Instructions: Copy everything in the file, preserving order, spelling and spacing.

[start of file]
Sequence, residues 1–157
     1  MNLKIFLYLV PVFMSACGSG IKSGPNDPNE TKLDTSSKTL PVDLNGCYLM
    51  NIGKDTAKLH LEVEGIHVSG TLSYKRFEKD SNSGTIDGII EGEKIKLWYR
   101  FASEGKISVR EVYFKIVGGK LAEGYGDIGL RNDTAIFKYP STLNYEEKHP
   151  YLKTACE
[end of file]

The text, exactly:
Sequence, residues 1–157
     1  MNLKIFLYLV PVFMSACGSG IKSGPNDPNE TKLDTSSKTL PVDLNGCYLM
    51  NIGKDTAKLH LEVEGIHVSG TLSYKRFEKD SNSGTIDGII EGEKIKLWYR
   101  FASEGKISVR EVYFKIVGGK LAEGYGDIGL RNDTAIFKYP STLNYEEKHP
   151  YLKTACE